Sailboat Power Part 1: Overview

The last few months we’ve been living on the boat using a couple of heavy duty extension cords to keep the few things we use running. Namely, the refrigerator, a couple of small space heaters, and charging up laptops, etc. It isn’t ideal as sailboat power goes, but we get by. The marina charges us separately for the electricity we use, which means they know exactly how much we’ve been using.

In 2016, the average annual electricity consumption for a U.S. residential utility customer was 10,766 kilowatt-hours (kWh), an average of 897 kWh per month. Louisiana had the highest annual electricity consumption at 14,881 kWh per residential customer and Hawaii had the lowest at 6,061 kWh per residential customer.

:US Energy Information Administration

 

In November we used 440 kilowatts which is about half what the average American uses. More interestingly, we’re in Louisiana, so it’s one third of that average. After several attempts to use our marina usage to calculate the size battery bank we need, I realized that was foolish. It isn’t representative at all. The numbers just kept coming out weird. It’s hard to explain.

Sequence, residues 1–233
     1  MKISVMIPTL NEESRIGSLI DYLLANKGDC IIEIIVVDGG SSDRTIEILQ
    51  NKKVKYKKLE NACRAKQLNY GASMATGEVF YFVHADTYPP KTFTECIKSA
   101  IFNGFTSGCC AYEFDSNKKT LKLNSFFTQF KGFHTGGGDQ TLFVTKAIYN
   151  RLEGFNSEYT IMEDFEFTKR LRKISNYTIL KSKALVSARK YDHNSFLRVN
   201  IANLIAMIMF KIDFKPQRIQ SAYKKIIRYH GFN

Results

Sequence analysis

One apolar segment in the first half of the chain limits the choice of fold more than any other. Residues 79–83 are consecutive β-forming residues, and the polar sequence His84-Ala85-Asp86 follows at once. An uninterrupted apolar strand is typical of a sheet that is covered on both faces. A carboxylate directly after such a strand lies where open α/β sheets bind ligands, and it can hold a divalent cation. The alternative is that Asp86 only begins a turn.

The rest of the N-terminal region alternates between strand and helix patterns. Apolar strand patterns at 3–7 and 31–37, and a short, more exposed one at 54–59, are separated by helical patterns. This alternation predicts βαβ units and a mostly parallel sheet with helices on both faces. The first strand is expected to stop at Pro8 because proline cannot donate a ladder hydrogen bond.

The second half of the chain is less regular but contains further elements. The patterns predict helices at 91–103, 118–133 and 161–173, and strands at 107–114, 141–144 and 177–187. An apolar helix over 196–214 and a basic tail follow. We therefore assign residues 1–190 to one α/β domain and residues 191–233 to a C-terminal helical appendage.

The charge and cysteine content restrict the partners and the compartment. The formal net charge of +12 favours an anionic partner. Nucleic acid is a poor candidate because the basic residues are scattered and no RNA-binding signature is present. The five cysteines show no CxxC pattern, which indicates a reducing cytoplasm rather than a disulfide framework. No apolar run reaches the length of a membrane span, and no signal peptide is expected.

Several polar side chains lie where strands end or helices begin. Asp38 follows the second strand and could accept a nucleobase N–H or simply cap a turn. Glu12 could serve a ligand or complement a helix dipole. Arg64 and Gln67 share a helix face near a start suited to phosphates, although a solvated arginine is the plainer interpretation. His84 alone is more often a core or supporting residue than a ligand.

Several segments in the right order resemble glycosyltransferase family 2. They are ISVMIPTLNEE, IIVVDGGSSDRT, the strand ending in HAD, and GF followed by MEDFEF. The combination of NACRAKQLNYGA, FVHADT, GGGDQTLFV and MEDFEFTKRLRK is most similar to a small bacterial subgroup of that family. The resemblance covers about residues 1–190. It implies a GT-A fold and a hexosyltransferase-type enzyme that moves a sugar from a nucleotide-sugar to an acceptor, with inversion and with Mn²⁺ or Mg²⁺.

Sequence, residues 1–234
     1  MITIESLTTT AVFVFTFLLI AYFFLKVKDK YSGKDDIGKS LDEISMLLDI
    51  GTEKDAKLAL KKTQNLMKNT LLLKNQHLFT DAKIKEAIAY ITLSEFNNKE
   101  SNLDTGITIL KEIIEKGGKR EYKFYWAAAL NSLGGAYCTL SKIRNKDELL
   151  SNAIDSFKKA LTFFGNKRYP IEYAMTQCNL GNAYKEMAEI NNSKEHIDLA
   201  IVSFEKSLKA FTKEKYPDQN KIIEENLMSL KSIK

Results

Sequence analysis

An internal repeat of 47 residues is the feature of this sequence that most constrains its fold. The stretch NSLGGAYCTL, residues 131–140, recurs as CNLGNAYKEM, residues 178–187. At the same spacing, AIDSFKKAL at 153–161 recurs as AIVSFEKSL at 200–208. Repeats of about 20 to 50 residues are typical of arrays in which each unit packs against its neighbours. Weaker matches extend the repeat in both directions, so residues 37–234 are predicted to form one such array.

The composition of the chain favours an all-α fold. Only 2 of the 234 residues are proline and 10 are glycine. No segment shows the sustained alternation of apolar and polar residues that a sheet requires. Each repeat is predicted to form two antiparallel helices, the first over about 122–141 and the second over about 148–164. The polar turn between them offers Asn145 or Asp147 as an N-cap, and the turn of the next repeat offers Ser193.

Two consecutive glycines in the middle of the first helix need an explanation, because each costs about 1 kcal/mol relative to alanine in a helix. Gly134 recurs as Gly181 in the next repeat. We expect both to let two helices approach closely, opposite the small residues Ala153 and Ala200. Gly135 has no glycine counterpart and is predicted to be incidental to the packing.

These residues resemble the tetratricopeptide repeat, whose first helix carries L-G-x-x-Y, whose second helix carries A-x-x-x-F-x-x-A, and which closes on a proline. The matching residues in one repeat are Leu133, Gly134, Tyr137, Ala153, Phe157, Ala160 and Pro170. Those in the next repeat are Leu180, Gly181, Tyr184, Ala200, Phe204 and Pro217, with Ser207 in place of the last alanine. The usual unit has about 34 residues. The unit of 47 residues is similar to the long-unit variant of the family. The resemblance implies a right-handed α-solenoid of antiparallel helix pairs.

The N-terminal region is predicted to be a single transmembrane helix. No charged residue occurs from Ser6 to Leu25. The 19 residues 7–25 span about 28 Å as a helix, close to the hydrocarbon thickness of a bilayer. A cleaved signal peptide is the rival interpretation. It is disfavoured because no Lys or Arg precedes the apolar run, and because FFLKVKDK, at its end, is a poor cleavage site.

Instead, I’m going to use “Comps” – Comparable Boats and their usage. Remember, we’re not trying to live a less modern life, so computers, internet, television are all niceties we intend on having on-board and that’s going to use a lot of power. In this post I want to outline the pieces and follow-up posts will unpack those pieces.

What we’ll look at

  1. This is part one – pay attention.
  2.  Part II: Batteries – This is the core of the electrical system.
  3. Part III: Charging – Dead batteries are useless so they need to be charged constantly.
  4. Inverter – some things don’t run well on batteries (DC) so we need some AC
  5. Efficiency and Scalability
By | 2018-01-12T19:56:41+00:00 December 2nd, 2017|Boat Refit|2 Comments

About the Author:

Jack is the kind of guy who can figure anything out. That’s one of the reasons Autumn married him; she likes his rugged individuality and determined self-sufficiency. He’s a business owner, a musician, and a helluva family man. He rarely loses his cool, and he’s quick with a joke when situations are tense. He’s got a philosophical streak that makes him a fine conversationalist, and he has mastered the art of the seasoned French fry. He’s thoughtful and considerate, and he devotes a lot of his energy to encouraging his family and making sure everyone is happy. The closer his life gets to a Tom Waits song, the more content he is. If you need a hug at the end of a hard day, Jack’s your best bet aboard the Sea Shanti.

2 Comments

  1. […] If you missed Part 1, here it is. Sailboat Power. […]

  2. […] the first two installments of this series, we gave the overview, and in part 2, we took a dizzying look at batteries. Having decided on the batteries we’re […]

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